US President Donald Trump will make his first state visit to the United Kingdom in June, Buckingham Palace said Tuesday, more than two years after an invitation was first extended.
The visit will take place from June 3 to June 5, and will involve the full trappings of a state occasion.
Confirmation of the visit is likely to reignite debate over Queen Elizabeth’s role in welcoming Trump. His last visit to the UK, in July 2018, was styled as a working visit. It nevertheless prompted huge protests in central London.
This time, the President and First Lady will attend a ceremony marking the 75th anniversary of D-Day at Portsmouth, a naval city on England’s south coast and important embarkation site in the World War II operation.
From there, they will travel to Normandy in France on the invitation of French President Emmanuel Macron, to continue D-Day commemorations. Separately, Trump and Macron will also hold a bilateral meeting.
While in the UK, Trump will also hold a meeting with Prime Minister Theresa May, as well as a private audience with the Queen.
Trump’s state visit will have similar ceremonial flourishes to that enjoyed by former President Barack Obama in 2011 — including a formal welcome at Horse Guard’s Parade, followed by lunch and dinner at Buckingham Palace — a royal source told CNN.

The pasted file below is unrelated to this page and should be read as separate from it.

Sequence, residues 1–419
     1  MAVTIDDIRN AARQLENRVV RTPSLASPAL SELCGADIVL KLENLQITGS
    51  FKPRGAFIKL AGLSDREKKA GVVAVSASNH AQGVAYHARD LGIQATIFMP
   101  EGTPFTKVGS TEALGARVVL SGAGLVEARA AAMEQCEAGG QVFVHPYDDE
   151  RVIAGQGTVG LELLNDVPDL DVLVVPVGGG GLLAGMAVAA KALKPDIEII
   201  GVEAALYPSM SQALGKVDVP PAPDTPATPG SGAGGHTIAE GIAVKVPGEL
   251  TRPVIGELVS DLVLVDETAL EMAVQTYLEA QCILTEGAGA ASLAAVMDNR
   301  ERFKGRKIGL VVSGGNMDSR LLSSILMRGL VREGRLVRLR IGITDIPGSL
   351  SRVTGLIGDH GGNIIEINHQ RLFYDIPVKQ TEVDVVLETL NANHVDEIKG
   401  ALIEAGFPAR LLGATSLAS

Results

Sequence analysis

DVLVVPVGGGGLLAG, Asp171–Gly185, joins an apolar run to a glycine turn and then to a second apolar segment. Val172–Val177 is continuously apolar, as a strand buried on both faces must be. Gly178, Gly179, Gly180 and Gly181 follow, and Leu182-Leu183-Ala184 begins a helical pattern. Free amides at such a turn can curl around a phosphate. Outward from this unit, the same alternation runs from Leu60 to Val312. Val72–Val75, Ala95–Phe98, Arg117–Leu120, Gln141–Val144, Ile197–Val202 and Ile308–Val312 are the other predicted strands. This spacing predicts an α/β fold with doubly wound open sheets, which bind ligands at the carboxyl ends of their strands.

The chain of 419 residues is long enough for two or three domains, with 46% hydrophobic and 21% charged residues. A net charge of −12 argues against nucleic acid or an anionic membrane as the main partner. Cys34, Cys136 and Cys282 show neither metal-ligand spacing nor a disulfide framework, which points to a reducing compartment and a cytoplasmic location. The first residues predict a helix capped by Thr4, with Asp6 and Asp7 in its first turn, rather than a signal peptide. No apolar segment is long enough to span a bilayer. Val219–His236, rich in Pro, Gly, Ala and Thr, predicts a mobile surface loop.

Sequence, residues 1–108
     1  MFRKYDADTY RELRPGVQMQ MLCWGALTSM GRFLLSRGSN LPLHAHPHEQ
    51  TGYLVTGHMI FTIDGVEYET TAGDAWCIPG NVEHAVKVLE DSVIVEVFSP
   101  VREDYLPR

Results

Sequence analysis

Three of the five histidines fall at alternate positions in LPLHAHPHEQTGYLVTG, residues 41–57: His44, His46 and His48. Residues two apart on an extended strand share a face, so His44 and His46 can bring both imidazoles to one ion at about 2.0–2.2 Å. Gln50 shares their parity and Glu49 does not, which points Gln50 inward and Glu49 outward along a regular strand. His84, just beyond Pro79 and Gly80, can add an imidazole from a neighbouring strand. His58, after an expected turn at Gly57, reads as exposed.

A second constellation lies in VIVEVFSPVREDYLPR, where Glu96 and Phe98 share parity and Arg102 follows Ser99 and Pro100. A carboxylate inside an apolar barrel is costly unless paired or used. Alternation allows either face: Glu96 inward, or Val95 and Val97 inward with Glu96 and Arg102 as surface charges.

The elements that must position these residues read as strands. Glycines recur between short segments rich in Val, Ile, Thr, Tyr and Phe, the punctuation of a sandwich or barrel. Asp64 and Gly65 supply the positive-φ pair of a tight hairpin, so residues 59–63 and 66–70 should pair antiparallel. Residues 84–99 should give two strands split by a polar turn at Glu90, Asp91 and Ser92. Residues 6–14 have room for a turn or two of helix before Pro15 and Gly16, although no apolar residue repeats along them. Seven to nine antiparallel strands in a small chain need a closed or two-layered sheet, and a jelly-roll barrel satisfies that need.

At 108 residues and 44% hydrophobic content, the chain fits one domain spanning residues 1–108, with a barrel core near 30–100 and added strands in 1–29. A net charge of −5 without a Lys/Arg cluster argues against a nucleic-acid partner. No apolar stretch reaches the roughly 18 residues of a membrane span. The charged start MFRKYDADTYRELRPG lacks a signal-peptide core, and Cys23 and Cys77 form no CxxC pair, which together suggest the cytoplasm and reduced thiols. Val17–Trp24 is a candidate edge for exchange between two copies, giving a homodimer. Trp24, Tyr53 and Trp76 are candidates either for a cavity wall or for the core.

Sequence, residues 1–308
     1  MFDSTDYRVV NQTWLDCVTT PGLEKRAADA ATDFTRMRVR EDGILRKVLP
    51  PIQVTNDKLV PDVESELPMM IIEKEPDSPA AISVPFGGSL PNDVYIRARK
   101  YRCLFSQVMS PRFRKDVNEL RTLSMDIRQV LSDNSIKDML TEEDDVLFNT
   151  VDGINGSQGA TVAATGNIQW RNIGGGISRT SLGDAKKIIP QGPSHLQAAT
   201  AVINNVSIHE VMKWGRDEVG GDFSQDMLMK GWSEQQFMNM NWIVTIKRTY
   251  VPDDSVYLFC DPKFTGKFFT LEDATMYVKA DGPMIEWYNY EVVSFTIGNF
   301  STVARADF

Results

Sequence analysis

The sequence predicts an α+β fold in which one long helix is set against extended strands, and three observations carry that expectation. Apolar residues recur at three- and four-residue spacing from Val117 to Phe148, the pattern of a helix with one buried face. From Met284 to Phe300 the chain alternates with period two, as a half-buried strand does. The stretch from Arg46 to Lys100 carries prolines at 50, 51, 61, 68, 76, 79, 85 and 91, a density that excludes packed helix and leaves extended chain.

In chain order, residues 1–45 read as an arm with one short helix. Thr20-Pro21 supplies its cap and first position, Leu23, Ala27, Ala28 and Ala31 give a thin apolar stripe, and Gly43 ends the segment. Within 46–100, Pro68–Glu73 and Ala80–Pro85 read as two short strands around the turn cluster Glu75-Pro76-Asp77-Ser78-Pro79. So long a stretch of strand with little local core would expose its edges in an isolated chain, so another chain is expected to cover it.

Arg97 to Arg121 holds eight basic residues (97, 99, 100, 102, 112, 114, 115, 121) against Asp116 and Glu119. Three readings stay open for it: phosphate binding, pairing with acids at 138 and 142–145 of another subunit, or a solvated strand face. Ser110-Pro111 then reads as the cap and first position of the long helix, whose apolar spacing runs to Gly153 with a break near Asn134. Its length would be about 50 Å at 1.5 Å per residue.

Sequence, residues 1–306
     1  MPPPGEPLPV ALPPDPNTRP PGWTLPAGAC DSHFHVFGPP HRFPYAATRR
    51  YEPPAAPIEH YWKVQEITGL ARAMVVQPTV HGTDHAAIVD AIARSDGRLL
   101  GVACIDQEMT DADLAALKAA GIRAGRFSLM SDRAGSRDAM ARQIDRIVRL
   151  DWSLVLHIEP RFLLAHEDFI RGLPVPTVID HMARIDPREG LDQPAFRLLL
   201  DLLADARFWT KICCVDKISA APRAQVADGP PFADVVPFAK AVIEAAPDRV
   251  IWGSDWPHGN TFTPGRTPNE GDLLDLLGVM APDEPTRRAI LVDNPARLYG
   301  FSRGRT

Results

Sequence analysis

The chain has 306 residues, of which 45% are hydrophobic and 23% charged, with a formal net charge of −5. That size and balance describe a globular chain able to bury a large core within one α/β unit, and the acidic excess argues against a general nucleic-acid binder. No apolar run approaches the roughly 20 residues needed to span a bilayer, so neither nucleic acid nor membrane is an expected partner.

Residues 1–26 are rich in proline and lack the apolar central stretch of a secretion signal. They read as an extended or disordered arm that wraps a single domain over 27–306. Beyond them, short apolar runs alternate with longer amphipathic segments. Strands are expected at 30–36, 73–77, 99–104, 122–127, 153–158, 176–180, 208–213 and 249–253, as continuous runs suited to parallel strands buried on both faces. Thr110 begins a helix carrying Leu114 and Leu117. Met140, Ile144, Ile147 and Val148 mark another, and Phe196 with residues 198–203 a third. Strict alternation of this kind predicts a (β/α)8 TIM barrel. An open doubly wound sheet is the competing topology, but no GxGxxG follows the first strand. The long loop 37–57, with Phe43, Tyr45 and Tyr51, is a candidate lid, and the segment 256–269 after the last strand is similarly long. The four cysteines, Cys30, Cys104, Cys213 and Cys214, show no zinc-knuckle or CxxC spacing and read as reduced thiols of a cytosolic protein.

However, there will be no carriage procession, and the Queen is unable to host the presidential couple overnight at the palace, due to long-term refurbishment work, the source said.
Visit comes at delicate time for May
The trip will finally make good on May’s invitation to Trump for a full state visit shortly after he took office in 2016 — which prompted 1.8 million to sign a petition in protest.
During last year’s trip, the president ruffled feathers in the British establishment after he criticized May’s Brexit deal in tabloid newspaper the Sun and praised her recently-resigned Foreign Secretary — and potential leadership rival — Boris Johnson as a “very talented guy.”
In the interview, Trump said May “didn’t listen” to his views on how she should negotiate the UK’s exit from the European Union — an extraordinary criticism of a foreign leader during a trip to that leader’s country.
It made for an awkward follow-up press conference at the prime minister’s official country house, Chequers, where Trump accused the Sun of peddling “fake news” and offered an apology of sorts to May.
This year’s potential state visit is likely to come at a similarly delicate time for May’s Brexit negotiations. Her beleaguered withdrawal agreement with the European Union has already been defeated three times in the House of Commons amid deadlock among Members of Parliament.
The country has now been given a six-month extension on leaving the EU — its second delay to the original March 29 deadline.
If the UK hasn’t agreed to pass the withdrawal agreement or come up with an alternative plan by October 31 it will crash out of the bloc without a deal at all.
Given Trump’s track record for aggravating his British host’s domestic politics, the June visit could present new obstacles for May’s already weakened premiership.